Bob, too, has studied the ways in which certain issues get on the international advocacy agenda. One of the most interesting findings of Carpenter’s work, he says in an e-mail interview, is that attention to one issue of human security can reduce attention to some other one because of the limited resources that nongovernmental and other organizations have to work with.

Issues also can conflict with one another, he says. “For instance, Carpenter shows that recent attention to rape victims has blinded some in the human-security network to the needs of children born of these rapes.”

By providing a more realistic view of the way networks operate, Carpenter’s work “is very relevant not only to theorists,” he says, “but also to practitioners and policy makers—a refreshing and important thing for scholars to do.”

Is there hope for causes that aren’t sexy or don’t have a clear villain? Will people come to realize that eye care, for example, is one of the major neglected issues of our day? Carpenter is an optimist: “Nothing is preordained in global advocacy, and no issue is ever doomed.”

She also warns advocacy groups against being too cautious out of fear that “their hands are largely tied by states, donors and the media.”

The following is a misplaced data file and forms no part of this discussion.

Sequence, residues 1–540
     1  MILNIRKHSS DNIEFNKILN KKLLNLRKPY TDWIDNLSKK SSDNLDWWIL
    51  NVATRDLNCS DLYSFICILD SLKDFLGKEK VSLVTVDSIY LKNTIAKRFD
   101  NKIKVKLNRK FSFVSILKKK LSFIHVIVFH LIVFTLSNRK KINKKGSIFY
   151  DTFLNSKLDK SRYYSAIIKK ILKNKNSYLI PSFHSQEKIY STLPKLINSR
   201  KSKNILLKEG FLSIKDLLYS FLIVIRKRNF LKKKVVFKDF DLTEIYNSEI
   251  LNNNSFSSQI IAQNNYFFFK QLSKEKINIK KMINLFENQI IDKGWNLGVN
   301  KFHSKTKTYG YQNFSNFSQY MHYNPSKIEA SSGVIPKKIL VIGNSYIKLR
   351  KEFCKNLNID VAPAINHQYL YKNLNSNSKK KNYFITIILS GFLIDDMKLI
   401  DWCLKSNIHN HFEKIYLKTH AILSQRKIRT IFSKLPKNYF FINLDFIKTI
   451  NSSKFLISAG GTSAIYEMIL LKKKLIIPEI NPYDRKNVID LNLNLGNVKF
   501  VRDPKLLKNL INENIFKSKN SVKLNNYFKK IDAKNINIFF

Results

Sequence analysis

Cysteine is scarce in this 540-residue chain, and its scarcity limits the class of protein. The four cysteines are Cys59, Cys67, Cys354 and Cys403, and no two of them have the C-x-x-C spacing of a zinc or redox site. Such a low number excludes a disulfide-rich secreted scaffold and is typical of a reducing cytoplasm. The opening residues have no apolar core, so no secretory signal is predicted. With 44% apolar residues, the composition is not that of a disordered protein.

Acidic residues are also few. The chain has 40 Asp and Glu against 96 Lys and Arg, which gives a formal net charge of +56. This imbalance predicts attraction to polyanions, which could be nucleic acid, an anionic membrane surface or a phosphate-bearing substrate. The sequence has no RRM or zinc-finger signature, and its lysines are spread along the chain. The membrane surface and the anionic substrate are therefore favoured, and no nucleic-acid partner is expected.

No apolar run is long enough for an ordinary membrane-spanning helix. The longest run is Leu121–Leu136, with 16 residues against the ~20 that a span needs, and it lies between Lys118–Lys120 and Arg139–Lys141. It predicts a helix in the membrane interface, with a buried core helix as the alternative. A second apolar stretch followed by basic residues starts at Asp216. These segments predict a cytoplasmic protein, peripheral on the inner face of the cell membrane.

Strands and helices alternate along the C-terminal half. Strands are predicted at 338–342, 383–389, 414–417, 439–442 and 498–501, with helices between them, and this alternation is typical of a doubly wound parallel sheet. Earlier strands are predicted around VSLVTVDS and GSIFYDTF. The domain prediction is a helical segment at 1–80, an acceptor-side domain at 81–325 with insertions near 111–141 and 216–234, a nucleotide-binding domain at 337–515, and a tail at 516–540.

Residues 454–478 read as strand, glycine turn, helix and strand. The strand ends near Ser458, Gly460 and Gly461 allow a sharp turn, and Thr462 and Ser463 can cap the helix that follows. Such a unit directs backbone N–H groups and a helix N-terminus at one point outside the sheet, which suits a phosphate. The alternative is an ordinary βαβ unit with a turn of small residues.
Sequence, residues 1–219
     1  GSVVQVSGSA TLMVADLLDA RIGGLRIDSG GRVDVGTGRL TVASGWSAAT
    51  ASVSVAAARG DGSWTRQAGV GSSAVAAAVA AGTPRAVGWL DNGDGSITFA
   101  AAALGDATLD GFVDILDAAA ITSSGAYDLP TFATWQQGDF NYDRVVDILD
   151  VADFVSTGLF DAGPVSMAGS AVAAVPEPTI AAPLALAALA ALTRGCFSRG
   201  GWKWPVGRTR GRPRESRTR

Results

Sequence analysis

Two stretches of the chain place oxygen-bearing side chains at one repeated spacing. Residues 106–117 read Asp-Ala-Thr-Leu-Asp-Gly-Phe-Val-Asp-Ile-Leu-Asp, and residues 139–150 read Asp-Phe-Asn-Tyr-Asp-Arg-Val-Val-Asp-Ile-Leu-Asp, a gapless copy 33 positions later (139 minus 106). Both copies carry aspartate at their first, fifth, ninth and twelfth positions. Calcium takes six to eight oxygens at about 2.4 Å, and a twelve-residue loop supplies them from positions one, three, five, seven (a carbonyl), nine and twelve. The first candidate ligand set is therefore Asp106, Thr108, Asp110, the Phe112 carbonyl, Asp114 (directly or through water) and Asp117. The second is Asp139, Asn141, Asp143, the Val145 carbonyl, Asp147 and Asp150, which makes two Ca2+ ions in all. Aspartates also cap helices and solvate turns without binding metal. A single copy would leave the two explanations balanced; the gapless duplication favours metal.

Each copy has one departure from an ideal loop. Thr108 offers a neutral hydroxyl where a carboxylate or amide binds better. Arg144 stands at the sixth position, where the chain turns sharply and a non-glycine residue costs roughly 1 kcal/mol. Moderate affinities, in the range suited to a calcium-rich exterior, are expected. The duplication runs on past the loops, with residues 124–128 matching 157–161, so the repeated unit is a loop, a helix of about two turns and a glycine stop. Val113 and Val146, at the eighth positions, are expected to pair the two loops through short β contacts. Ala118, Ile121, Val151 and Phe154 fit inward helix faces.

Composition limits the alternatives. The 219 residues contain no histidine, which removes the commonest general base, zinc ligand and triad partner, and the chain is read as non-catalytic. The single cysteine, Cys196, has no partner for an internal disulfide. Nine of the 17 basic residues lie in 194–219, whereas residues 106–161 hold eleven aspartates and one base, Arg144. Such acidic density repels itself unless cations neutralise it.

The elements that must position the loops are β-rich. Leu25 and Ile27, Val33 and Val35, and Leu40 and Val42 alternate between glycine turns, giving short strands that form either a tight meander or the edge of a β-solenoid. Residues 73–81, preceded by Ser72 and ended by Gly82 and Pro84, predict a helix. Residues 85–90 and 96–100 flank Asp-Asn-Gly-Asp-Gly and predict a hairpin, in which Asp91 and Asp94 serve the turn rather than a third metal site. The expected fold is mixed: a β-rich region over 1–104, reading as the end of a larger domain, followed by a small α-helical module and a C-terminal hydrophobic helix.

Plenty of campaigns have proven such fear wrong. Anti-land-mine efforts, she notes, won against “enormous intransigence by powerful governments.” A campaign begun in April to ban autonomous weapons, or lethal military robots, could turn out to be another success.

“Here is an issue where all the great powers have a horse in the race, where media sensationalism threatens to trivialize the issue, and where funding for the campaign is not expected to be easy to get (because donors tend to channel money toward problems where the bodies are already piling up),” she says.

“But campaigners have decided to push for a ban anyway, and I think it’s likely they will succeed, precisely because the big ‘gatekeepers’ in human rights and humanitarian disarmament are now on board.”